28 June 2014

Summer Read: "I Used to be in Pictures an untold story of Hollywood"

WHAT I Used to be in Pictures an untold story of Hollywood 
WHEN  28th June 2014
WHERE  Online

I would highly recommend you guys to read and check out ' I Used to Be in Pictures: An Untold Story of Hollywood'. The book offers fans a healthy sampling of the correspondence the Mewes Brothers have had over the past nearly 30 years with some of the most celebrated and iconic film stars from the silent and 'golden' era of film-making. It gives you a personal insight of how the stars experienced the rise and the fall of their careers, while handing out outrageously funny anecdotes. Such a fabulous book! Wonderfully written funny, superb photos but gives you a heartfelt stories of the beautiful people of the yesteryear, this is truly an amazing piece of art. Must must BUY!! 

1. How did your passion for cinema begin?

HOWARD: from a very young age Howard and I would visit our Grandmother at her house closeby to where we lived with our parents and older sister Rowena on Saturday’s. During the winter when we couldn’t get in the garden because of bad weather we would  be indoors - one day our Grandmother suggested we watch a film. It was black and white - we caught the 'film bug'! - We were 11 or just 12.

AUSTIN: it wasn't a modern TV of course, it was ancient. she would switch it on and we'd have to wait for the TV to start - when I think back it was all very cosy, sat in front of the old TV, with her coal fire burning brightly eating home-made cakes and the films, these old films, films our friends at school didn't watch completely transfixed us both

 2. Do you remember the first movie you ever saw? What was it about? Who was the director?

AUSTIN: Howard says Way Down East – I think it was Between Two Worlds with John Garfield and Eleanor Parker – however it certainly was the very idea of a film (Way Down East directed by DW Griffith) with no dialogue that amused us, amazed us and got us hooked!

HOWARD: the plot of Way Down East centres on a rather naive country girl who is tricked into a sham marriage by a wealthy womanizer, who has to rebuild her life despite the taint of having given birth to a child out of wedlock. Although remade since, the Griffith version is the most compelling – maybe the acting/the performance magnified because they had to make up for the fact the film was silent? The exciting climax in which Lillian Gish's character is rescued by Barthlemess from doom on an icy river just as she is about to meet her end over the edge of a waterfall is astounding -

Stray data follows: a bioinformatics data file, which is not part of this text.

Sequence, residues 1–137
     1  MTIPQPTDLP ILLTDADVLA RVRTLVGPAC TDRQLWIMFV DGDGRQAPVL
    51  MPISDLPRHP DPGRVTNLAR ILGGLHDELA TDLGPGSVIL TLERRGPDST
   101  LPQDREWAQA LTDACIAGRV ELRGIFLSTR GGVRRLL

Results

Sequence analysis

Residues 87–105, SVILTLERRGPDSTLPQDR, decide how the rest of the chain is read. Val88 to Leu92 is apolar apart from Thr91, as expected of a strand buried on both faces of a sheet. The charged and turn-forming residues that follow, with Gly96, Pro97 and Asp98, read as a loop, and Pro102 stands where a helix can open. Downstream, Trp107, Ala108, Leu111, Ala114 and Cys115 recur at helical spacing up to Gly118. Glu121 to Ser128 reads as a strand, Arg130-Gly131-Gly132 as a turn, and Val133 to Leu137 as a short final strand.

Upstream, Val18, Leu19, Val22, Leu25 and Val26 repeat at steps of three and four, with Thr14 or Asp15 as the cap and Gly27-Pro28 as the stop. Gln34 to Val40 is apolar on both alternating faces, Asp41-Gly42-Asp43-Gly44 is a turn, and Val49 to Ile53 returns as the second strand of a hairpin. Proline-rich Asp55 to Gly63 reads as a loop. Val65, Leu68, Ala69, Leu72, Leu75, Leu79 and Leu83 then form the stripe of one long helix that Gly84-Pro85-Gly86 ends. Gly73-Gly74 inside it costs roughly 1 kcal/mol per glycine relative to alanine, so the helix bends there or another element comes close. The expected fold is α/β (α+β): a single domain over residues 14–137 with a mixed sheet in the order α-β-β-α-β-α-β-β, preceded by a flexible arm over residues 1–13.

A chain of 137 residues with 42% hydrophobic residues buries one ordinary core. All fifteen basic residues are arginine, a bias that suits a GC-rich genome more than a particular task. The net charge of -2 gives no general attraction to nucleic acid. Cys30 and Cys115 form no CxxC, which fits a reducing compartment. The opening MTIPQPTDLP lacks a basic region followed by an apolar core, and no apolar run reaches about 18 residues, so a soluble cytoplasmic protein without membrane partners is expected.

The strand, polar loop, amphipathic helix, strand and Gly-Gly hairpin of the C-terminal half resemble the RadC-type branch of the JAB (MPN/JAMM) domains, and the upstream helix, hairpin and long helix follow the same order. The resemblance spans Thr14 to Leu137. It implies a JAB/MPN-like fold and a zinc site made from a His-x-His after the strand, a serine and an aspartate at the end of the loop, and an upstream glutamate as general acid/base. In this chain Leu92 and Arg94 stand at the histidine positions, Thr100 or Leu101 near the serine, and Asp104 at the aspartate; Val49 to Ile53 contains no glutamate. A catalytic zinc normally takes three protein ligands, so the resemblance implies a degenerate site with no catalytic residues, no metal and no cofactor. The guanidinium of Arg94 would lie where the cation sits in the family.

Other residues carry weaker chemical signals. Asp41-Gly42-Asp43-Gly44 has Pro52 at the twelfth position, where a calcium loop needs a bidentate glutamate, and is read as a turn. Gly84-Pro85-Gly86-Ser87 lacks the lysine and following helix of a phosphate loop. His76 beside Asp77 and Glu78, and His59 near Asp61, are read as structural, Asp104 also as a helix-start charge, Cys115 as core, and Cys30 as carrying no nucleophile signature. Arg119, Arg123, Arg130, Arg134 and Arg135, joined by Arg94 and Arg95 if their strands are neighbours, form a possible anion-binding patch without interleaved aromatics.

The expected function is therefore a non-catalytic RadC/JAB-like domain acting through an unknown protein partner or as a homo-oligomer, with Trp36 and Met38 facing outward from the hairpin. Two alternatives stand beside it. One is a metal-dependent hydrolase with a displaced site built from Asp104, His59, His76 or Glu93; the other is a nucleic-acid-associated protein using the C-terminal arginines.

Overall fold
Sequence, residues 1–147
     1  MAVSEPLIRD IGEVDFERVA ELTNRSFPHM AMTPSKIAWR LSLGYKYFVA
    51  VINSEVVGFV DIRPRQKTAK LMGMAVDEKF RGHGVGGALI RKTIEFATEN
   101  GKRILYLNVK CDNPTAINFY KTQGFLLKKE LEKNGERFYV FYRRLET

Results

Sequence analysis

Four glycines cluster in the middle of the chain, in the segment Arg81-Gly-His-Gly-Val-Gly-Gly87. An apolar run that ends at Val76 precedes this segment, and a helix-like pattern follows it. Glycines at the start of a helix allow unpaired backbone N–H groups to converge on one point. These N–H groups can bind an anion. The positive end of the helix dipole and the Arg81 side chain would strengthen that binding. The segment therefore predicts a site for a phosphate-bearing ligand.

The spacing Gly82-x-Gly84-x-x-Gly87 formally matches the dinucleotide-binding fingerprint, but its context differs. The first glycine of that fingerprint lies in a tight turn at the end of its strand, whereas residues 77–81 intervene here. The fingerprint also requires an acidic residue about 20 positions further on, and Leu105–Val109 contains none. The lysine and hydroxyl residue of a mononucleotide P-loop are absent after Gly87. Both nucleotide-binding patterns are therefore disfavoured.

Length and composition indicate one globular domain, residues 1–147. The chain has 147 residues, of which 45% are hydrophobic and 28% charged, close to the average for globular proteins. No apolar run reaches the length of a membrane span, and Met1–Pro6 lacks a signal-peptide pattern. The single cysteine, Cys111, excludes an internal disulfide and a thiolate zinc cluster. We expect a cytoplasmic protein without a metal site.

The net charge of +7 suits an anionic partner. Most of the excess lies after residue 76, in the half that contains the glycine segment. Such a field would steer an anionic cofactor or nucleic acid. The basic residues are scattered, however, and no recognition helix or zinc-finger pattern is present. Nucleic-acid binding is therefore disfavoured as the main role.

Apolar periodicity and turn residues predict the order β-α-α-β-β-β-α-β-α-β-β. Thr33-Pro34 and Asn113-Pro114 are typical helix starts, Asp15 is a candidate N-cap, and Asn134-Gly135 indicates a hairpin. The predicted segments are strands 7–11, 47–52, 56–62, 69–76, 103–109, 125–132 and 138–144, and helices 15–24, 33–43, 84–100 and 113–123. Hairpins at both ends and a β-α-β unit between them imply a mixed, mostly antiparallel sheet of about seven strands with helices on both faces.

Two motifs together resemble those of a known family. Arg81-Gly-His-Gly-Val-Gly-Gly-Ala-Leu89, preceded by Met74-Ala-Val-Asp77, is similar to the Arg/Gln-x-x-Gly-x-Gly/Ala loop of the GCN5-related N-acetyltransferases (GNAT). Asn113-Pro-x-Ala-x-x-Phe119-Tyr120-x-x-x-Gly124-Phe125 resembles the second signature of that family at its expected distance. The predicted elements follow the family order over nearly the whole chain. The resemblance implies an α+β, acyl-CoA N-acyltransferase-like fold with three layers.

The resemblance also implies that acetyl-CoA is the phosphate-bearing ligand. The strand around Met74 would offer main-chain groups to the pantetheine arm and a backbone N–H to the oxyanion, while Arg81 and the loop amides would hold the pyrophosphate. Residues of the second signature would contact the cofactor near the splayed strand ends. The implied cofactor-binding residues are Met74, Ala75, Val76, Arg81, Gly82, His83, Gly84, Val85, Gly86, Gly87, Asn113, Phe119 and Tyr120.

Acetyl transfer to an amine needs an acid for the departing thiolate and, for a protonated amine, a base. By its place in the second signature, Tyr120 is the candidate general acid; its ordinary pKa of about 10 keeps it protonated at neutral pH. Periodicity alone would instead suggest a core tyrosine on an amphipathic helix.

3. How did you develop the interest to that certain kind of cinema? How old were you?

AUSTIN: We were around 12/13 years of age – the BBC and documentary filmmakers/producers like Kevin Brownlow and David Gill were during the 1980s, educating people on what came before with documentaries like Hollywood and The Third Genius about comedian Harold Lloyd (who we adored and found SO funny! I have sat and watched on YouTube Laurel & Hardy and Harold Lloyd with my five year old son Nathan and I love to see him laugh – their comedy simply timeless, all-inclusive...)

HOWARD: Silent film is the only period of film history where one can trace the beginning the middle and the end – and that alone fascinated us. It’s funny as many of the stars Howard and I got to know from the 1920s would tell us that the films were never completely silent. Patsy Ruth Miller who starred in the original version of The Hunchback of Notre Dame said, “We would open or mouths and words came out it was just the technology back then couldn’t detect it – there were ‘cards’ with lines of dialogue shown throughout the films to inform the audience of what was going on but most importantly the musical that accompanied the films played in the cinemas by men and women on great organs gave the actors their voices, providing the mood and the setting.

 4. Who did you write your first letter to?

AUSTIN: The first film star we wrote to was Lillian Gish in 1984/85 – because of the ages of those silent stars that’d survived into the 1980s we used to write up to 25 letters a week! The letter writing snowballed as The Academy of Motion Pictures Arts and Sciences provided us with address of their long-retired members, the stars themselves gave us address of their former film star friends and enthusiasts like Richard Lamparki and Kevin Brownlow fascinated by our interest at such a young age saw fit to share contact information and addresses.

HOWARD: I think we wrote many more than that in a single week! I feel so privileged just to have written to some of the actors who I loved to watch in movies screened by the BBC or Chanel 4 on TV – Katharine Hepburn, Pola Negri, Tab Hunter, Robert Mitchum, Madge Bellamy... and the fact some became friends is fantastic.
Bette Davis_portrait publicity still Warner Brothers 1939 signed to Austin and Howard

Douglas Fairbanks Jr on the beach with his trusty dog Santa Monica 1933 signed
Esther Muir with Groucho Marx scene still A Day at the Races (1937) signed to Austin and Howard

William Bakewell portrait signed

Available to buy from Amazon 


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